RCD, no trip

Discussion in 'Electricians' Talk' started by seneca2, Jun 4, 2009.

  1. seneca2

    seneca2 New Member

    Hi all, working in a house where a new kitchen is being fitted, have added and moved some sockets, c/unit to change next week. It's a TT system, earth was apparently by water main until changed to plasic a few years ago, since when no earth at all! Old Wylex 3036 board, looks like there was an old elcb at one time which has been replaced with a Henley block! (get's worse don't it). I've put a rod in, got around 150 ohms. Now to the point, in a fit of concience I decided to temporarily install a front-end 30m/a rcd. Strange thing is, the rcd won't trip unless the load is removed, I know this is how it should be tested anyway but it's a bit puzzling that it won't trip at all isn't it?. (tried another rcd) To re-cap, if I test at the rcd output with no load it trips well whithin correct times, if I now switch the main switch on it won't trip either at the rcd terminals or at a socket outlet. Zs at a socket seems ok at around 150 ohms, any ideas anyone? Makes me wonder what i'll find when I change the c/unit next week. Sorry for length of post but I wanted to explain it fully,
  2. leitzz

    leitzz New Member

    Neutral Earth fault in the installation I guess

  3. seneca2

    seneca2 New Member

    That would make it trip all the time leitzz.
  4. JP.

    JP. Screwfix Select

    Could it be something to do with the 150 ohms?..presumably the trip tester is using earth neutral to try and actuate RCD but at 150 ohms this maybe will not happen. A live to E will maybe trip the RCD under load?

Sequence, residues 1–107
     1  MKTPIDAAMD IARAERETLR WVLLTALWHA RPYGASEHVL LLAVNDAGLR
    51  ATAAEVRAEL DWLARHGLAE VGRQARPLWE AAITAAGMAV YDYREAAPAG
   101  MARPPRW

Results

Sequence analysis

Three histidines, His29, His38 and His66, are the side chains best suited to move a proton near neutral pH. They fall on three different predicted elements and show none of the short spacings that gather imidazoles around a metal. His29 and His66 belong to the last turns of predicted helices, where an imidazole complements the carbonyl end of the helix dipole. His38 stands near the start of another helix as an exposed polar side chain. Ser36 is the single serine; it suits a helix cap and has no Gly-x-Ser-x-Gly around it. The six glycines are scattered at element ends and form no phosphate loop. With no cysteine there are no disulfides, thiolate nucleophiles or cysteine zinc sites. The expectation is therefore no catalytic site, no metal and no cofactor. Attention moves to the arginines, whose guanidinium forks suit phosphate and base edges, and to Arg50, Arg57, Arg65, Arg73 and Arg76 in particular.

5. seneca2

    seneca2 New Member

    JP, well I suppose it might be. I do quite a lot of TT jobs & I usually manage to get the rod well below 100 ohms but in this case I just couldn't get it that low. In theory a 30 m/a rcd should work ok with a Zs up to 1667 ohms though!
  6. e30mark

    e30mark Member

    My money is on a neutral / earth fault in an unenergised circuit. ie immersion heater etc.
  7. seneca2

    seneca2 New Member

    That would make it trip Mark, not stop it.
  8. JP.

    JP. Screwfix Select

    See your point Sen..good luck M8..:)
  9. leitzz

    leitzz New Member

    Its a TT system with a high Ra - you have a Neutral to Earth fault.

    There is some level of earth leakage but this is below the threshhold ( 20mA ish) of the 30mA RCD.

    The RCD does not trip with an RCD test as the RCD test current is going around the phase/neutral loop instead of the phase earth loop.

    To test the rcd with the fault present, connect phase and neutral as normal, but connect the earth lead of the tester to the incoming neutral on your rcd. The RCD should now operate even though the installation is "on load"

  10. Buzx1313

    Buzx1313 New Member

    Neutral earth fault deffo...

    will not trip on a TT supply dead short between Earth And Neutral...

    Get your insulation tester out..
  11. propper spark

    propper spark Member

    There must be something preventing it from creating an imbalance to the rcd and as a result it won't trip. Disconnect all neutrals and test again putting each one in until you find the circuit preventing it from tripping. That all sounds a bit back to front to me as like said a neutral earth fault will make it trip all the time. I’ve never had that one myself but you need to resole it as a TT installation without proper rcd protection can be dangerous.
  12. wally2

    wally2 New Member

    Hi seneca, seems strange, as you said, it,s unlikely to be e/n fault as I reckon it would have the opposite outcome. I remember seeing somthing in the Crabtree accessories book & have just found it. Might not be any help but i mention what it says.
    Fault current sensitivity.